‘In the Reality of the 21st Century, an Online Form of Examination is a Necessity’
On June 10, the examination period began at HSE University, and some of the exams are being administered through the use of proctoring technology. This type of exam was trialed on some programmes in May. Below, undergraduate students and a study office employee who worked as a proctor share their experiences of proctored exams.
Ksenia Lebedeva, second-year undergraduate student at ICEF
This spring, I faced proctoring for the first time—I took three exams on Examus with an asynchronous proctoring procedure. Before the exam, I had a lot of anxiety, despite having read the detailed manual very carefully.
As part of my preparation for the exam, I had to sort out some technical issues. I needed to find an isolated room, to make sure that the internet connection was stable and the web camera worked well. I also had to ‘tame’ the anti-virus software and the web browser. I had prepared for different scenarios, including a blackout, but had no problems at all, and after the first exam, my anxiety disappeared.
I must admit, this kind of ‘Big Brother’ surveillance during the exam was stressful, but it’s important to be able to focus. I had a few moments when the system ‘froze’ for several minutes, and I informed the study office via email about it. You have to make sure in advance that you know who to contact at the study office and how you can do this. You also need to be ready for more serious problems, as well, for example, what to do if the Examus server became overloaded, or the connection failed.
For those who are taking proctored exams, I would recommend reading the manuals carefully, talking to the teachers administering the exam, and preparing for different scenarios, including possible technical problems. Of course, if the exam is administered offline, its conditions seem more homogeneous, and they don’t depend on the equipment, but in the reality of the 21st century, with its technology and globalization, an online form of examination is a necessity. Furthermore, recorded proctored exams can always be double-checked in a manual mode.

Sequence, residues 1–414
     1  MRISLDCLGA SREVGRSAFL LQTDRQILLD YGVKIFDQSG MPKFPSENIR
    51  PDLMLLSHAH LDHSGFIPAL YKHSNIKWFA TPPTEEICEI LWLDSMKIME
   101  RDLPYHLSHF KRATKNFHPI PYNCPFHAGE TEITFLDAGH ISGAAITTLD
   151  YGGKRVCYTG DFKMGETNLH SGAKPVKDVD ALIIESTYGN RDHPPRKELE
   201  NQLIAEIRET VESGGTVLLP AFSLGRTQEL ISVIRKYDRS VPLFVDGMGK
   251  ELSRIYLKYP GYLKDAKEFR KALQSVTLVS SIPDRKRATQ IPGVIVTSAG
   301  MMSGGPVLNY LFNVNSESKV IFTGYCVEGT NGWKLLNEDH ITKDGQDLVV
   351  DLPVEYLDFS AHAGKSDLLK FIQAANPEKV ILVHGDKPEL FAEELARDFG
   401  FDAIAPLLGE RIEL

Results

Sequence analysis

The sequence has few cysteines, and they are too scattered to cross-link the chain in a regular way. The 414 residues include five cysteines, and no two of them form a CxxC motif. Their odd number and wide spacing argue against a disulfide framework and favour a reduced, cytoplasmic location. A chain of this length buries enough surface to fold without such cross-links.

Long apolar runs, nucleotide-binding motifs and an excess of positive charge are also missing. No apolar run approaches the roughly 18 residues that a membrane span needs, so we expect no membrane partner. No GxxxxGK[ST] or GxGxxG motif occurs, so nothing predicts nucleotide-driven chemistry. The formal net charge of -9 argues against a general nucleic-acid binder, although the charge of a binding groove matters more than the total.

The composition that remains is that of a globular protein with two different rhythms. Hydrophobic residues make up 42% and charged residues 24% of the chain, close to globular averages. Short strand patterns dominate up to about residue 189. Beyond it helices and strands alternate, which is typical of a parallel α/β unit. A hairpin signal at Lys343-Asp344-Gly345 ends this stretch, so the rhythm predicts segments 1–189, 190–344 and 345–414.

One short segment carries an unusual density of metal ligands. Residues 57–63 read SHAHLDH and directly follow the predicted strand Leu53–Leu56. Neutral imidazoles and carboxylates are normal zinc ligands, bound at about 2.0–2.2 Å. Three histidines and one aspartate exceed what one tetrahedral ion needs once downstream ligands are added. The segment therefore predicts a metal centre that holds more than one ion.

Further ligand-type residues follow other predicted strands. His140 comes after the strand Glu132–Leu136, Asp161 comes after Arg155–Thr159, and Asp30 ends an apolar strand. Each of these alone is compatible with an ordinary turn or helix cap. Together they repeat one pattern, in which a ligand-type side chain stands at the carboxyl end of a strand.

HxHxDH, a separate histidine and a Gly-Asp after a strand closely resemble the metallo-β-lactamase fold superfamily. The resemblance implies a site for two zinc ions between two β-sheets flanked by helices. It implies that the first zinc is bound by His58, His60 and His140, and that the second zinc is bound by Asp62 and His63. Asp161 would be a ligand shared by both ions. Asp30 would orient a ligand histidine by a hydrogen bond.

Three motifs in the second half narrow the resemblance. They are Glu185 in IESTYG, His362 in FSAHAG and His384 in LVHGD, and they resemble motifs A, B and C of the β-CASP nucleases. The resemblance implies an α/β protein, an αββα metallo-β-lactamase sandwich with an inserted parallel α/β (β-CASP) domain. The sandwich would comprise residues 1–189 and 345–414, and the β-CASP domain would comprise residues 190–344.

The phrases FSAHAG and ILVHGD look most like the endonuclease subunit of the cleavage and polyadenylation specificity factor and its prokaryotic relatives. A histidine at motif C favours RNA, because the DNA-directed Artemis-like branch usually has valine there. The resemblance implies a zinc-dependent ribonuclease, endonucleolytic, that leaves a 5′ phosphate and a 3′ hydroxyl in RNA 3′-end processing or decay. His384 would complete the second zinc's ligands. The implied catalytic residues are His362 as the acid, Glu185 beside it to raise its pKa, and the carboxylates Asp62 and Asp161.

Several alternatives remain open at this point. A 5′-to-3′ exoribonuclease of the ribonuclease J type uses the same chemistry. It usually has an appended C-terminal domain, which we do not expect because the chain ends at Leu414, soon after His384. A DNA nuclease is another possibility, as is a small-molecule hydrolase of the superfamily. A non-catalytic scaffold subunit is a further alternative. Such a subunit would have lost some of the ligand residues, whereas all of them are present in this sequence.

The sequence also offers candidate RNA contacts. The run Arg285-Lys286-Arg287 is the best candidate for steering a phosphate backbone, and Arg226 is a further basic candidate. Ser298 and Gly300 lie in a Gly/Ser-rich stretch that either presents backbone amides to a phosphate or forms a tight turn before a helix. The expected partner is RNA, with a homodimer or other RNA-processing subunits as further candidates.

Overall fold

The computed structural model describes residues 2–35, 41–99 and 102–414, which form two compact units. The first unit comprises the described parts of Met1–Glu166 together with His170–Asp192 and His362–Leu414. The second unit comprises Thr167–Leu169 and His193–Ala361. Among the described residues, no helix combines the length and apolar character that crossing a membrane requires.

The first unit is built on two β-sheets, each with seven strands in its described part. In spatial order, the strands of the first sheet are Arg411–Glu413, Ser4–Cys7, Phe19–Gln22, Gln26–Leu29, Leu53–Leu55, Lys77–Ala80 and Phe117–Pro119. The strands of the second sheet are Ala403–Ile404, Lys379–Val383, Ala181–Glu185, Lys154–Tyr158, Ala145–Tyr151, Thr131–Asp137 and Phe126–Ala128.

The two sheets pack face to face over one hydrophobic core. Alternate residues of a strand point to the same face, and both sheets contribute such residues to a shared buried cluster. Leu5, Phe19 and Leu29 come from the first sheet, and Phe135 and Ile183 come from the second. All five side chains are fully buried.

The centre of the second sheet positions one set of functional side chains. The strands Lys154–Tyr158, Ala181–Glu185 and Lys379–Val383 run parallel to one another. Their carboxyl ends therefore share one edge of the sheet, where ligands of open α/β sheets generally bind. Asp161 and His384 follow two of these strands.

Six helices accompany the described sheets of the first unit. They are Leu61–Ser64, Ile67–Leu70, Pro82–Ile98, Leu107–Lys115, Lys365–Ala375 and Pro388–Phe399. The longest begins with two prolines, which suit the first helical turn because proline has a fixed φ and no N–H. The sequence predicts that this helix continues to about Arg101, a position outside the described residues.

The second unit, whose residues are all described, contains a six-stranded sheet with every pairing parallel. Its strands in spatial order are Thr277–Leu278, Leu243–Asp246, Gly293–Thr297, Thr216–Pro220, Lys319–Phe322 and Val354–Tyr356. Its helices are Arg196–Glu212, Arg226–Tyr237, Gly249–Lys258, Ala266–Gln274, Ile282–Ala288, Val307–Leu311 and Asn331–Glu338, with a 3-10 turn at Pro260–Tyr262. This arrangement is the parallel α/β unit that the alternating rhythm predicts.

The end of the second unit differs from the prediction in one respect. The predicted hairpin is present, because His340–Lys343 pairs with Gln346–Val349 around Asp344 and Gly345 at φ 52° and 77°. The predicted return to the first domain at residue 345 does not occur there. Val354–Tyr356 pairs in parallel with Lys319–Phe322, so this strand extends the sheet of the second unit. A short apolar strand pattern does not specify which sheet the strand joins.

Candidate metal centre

Alexandra Barabanova, fourth-year student of History
In mid-May, I took a state exam with synchronous proctoring technology. We were explained the rules of the game quite clearly beforehand, and the study office not only offered us a consultation and sent out the necessary instructions, but offered an opportunity to take a mock exam. This was very helpful in sorting out how the proctoring system works. As a result of these processes, I did not feel any discomfort or fear, all the more so because I had previously had experience of participating in a proctored student competition.
The day before the exam, I cleared my desk of unnecessary items, checked the connection quality, and the quality of the video signal. I switched on the computer beforehand, and turned on the proctoring software. I was given access 10 mins before the exam began, so that I had time to check the system was working correctly. At first, everything was fine, but then a technical problem suddenly appeared: I started uploading my passport photo, and the system refused to accept it. Nothing worked, and since it was already 30 minutes into the exam, it was postponed until a later date.
On the second attempt, everything went well, and I passed the exam successfully. I would like to mention the proctor’s prompt help, and particularly thank the study office manager, who supported me during this difficult moment.
Despite the problem that happened on the first day, I believe that proctored exams are a convenient format which is proving vital during the lockdown